April 11, 2014

Mysteries of God, neighbor, self shape mission of CRS

Carolyn Woo, president and CEO of Catholic Relief Services, responds to a question from an audience member on March 25 after the talk she delivered on “God, Neighbor, Self” at Marian University in Indianapolis for the school’s Richard G. Lugar Franciscan Center for Global Studies speaker series. (Photo by Natalie Hoefer)

Carolyn Woo, president and CEO of Catholic Relief Services, responds to a question from an audience member on March 25 after the talk she delivered on “God, Neighbor, Self” at Marian University in Indianapolis for the school’s Richard G. Lugar Franciscan Center for Global Studies speaker series. (Photo by Natalie Hoefer)

By Natalie Hoefer

Carolyn Woo is an appropriate person to speak on the topic of “God, Neighbor, Self.”

As president and CEO of Catholic Relief Services (CRS) for the last two years, the Catholic woman gives of herself every day to serve God in poor and suffering neighbors around the world. CRS is the international aid agency of the U. S. bishops.

“We are in 101 countries helping over 100 million people,” Woo said to the approximately 300 people who came to hear her speak. Her talk on March 25 at Marian University in Indianapolis was part of the school’s Richard G. Lugar Franciscan Center for Global Studies speaker series.

“We go wherever there is a need, regardless of creed. We don’t go where there are Catholics—we go because we are Catholic. We go where need and suffering are intense.”

After touching on the works of CRS, Woo addressed the “three mysteries” of God, neighbor and self.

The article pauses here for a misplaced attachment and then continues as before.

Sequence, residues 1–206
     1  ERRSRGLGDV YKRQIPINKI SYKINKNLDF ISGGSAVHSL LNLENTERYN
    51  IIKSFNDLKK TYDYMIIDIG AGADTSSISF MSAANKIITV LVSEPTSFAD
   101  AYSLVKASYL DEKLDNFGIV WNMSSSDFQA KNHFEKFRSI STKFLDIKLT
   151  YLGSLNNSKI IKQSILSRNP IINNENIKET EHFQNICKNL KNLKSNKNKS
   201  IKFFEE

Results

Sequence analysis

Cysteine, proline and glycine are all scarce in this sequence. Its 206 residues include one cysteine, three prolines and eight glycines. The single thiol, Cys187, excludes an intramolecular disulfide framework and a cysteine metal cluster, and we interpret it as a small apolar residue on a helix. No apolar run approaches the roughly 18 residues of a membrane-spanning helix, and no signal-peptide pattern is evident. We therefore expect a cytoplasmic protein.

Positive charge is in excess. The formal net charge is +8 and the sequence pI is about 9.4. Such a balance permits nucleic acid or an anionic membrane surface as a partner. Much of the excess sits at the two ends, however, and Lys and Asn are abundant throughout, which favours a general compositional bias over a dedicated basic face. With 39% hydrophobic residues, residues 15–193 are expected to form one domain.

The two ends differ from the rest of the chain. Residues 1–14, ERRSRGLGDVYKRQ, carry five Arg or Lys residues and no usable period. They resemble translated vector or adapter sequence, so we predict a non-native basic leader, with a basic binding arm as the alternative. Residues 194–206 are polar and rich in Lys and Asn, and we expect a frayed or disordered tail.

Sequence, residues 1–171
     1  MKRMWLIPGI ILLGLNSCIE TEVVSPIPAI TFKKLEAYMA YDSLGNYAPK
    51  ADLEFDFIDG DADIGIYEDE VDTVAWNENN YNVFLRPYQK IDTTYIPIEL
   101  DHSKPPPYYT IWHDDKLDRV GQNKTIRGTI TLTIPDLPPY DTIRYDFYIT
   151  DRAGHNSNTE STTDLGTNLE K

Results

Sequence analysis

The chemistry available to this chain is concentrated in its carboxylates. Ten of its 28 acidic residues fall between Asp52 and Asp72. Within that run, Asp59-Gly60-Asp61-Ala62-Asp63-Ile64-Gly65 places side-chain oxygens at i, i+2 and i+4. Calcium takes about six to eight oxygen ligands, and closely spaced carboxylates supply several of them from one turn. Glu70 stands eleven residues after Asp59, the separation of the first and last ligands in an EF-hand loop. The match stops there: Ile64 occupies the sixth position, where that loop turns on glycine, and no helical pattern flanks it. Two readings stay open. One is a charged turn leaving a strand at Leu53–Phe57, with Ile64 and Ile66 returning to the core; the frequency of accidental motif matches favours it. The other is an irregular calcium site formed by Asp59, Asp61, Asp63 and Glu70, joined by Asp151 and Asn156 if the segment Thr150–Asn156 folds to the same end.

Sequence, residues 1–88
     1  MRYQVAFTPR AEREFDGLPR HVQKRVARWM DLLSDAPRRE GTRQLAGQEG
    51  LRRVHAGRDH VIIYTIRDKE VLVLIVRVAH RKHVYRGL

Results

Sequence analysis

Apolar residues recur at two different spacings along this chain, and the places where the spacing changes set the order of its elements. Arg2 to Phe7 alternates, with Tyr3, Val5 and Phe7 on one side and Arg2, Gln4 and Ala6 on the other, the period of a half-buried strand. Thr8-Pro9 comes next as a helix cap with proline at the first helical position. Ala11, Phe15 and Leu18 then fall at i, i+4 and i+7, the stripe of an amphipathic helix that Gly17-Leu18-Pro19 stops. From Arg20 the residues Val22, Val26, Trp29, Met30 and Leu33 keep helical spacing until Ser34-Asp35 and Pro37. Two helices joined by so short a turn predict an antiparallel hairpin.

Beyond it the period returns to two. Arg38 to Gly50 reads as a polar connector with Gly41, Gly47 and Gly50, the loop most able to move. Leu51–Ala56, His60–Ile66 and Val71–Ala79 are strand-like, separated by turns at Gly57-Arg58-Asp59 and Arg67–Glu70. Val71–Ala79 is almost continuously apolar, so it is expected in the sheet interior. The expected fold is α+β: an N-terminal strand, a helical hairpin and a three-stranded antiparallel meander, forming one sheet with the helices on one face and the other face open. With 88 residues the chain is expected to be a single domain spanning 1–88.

“We live our whole lives trying to discover what those three mysteries are, gaining deeper and deeper understanding,” she said. “The two greatest commandments join those three [components]: love God, and love your neighbor as yourself.

Woo identified 10 things she has “come to recognize in doing this work” of international development and crisis relief:

  1. If God is in our neighbor, then he is in everyone we meet. “ ‘There is no mere mortal.’ We all have divine in us, every person,” she said, quoting author C.S. Lewis.
  2. Every encounter with a neighbor is an invitation to serve. “I read in a book from a Notre Dame theologian that when you give alms to the poor, the hand of the poor is the altar of God.”
  3. Faith requires us to act. “Our faith is not a good intention, good emotion or just a feel good thing. Our faith calls us to work. Pope Francis has been emphasizing this.”
  4. When we do take action, we’re participating in God’s miracle of allowing life to flourish. “Every day we see children who would otherwise die” without our help.
  5. Because we’re doing God’s work, we don’t have to worry—the work doesn’t depend solely on us. “Our job is to do what you can. You don’t have to do it all.”
  6. Our work comes from God’s abundance, not from scarcity. “The God that we serve is a very generous God. When he sent Peter to fish, the fish nearly broke the net.”
  7. The call of Christ to serve the poor is directed to everyone. “I don’t think everyone has to go to Madagascar or Somalia—I haven’t been to Somalia yet. We may play different parts, but we’re all called.”